Dengue fever, often referred to as the “breakbone fever,” is a mosquito-borne viral illness that poses a significant health risk in many parts of the world. With its flu-like symptoms and potential for severe complications, dengue is a disease that should not be taken lightly. Fortunately, there are steps you can take to guard yourself against dengue. In this blog post, we’ll explore what dengue fever is, its symptoms, and most importantly, the prevention and protection strategies you can implement to stay safe.
Dengue fever is caused by the dengue virus, which is primarily transmitted to humans through the bite of infected female Aedes mosquitoes, particularly Aedes aegypti. The virus is prevalent in tropical and subtropical regions, making it a significant public health concern in many parts of Asia, the Pacific Islands, the Americas, and Africa.
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The symptoms of dengue fever can vary from mild to severe
- High fever: Sudden onset of a high fever, often reaching up to 104°F (40°C).
- Severe headaches: Intense headaches, typically concentrated around the eyes.
- Joint and muscle pain: Pain that gives dengue its colloquial name, “breakbone fever.”
- Rash: A rash that may appear a few days after the fever starts.
- Mild bleeding: Symptoms like nosebleeds or gum bleeding can occur.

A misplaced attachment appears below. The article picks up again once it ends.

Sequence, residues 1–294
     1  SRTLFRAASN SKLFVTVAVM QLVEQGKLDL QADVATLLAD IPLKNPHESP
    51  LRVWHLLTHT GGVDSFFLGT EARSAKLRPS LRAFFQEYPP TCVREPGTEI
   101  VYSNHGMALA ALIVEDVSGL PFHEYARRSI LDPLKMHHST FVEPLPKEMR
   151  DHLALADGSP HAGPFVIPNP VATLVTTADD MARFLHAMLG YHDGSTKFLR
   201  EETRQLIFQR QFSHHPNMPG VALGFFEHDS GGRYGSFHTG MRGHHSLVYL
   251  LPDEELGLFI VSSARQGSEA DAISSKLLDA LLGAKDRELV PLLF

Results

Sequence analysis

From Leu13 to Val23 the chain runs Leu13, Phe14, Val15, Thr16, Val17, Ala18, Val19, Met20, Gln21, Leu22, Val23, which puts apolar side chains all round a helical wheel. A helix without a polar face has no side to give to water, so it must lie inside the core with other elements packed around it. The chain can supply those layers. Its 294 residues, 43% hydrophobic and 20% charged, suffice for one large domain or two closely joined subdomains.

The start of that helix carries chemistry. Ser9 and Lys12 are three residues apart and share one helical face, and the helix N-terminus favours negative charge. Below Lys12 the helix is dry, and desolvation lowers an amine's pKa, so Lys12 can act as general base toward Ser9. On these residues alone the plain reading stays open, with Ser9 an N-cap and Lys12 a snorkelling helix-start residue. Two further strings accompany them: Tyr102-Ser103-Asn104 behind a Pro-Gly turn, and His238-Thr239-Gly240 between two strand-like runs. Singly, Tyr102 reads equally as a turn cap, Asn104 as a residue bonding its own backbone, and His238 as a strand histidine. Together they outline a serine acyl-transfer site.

- Fatigue: Overwhelming tiredness and weakness.
Prevention and Protection Strategies
Preventing dengue fever primarily involves reducing your risk of mosquito bites and eliminating mosquito breeding sites. Here’s what you can do:
Use Mosquito Repellent: Apply mosquito repellent containing DEET, picaridin, or oil of lemon eucalyptus on exposed skin and clothing. Reapply as necessary, especially if you’re outdoors for an extended period.
Wear Protective Clothing: Cover exposed skin with long-sleeved shirts, long pants, socks, and shoes, especially during dawn and dusk when mosquitoes are most active.
Use Bed Nets: If you live in or travel to areas with dengue risk, use bed nets treated with insecticide.
Eliminate Breeding Sites: Mosquitoes that transmit dengue breed in standing water. Regularly empty, cover, or treat containers that collect and hold water around your home, such as buckets, flower pots, and discarded tires.
Screen Windows and Doors: Install screens on windows and doors to keep mosquitoes out of your living spaces.
Community Action: Participate in local community efforts to control mosquito populations and educate others about dengue prevention.
Stay Informed: Stay informed about dengue outbreaks in your area or any travel destinations you plan to visit. Take extra precautions when needed.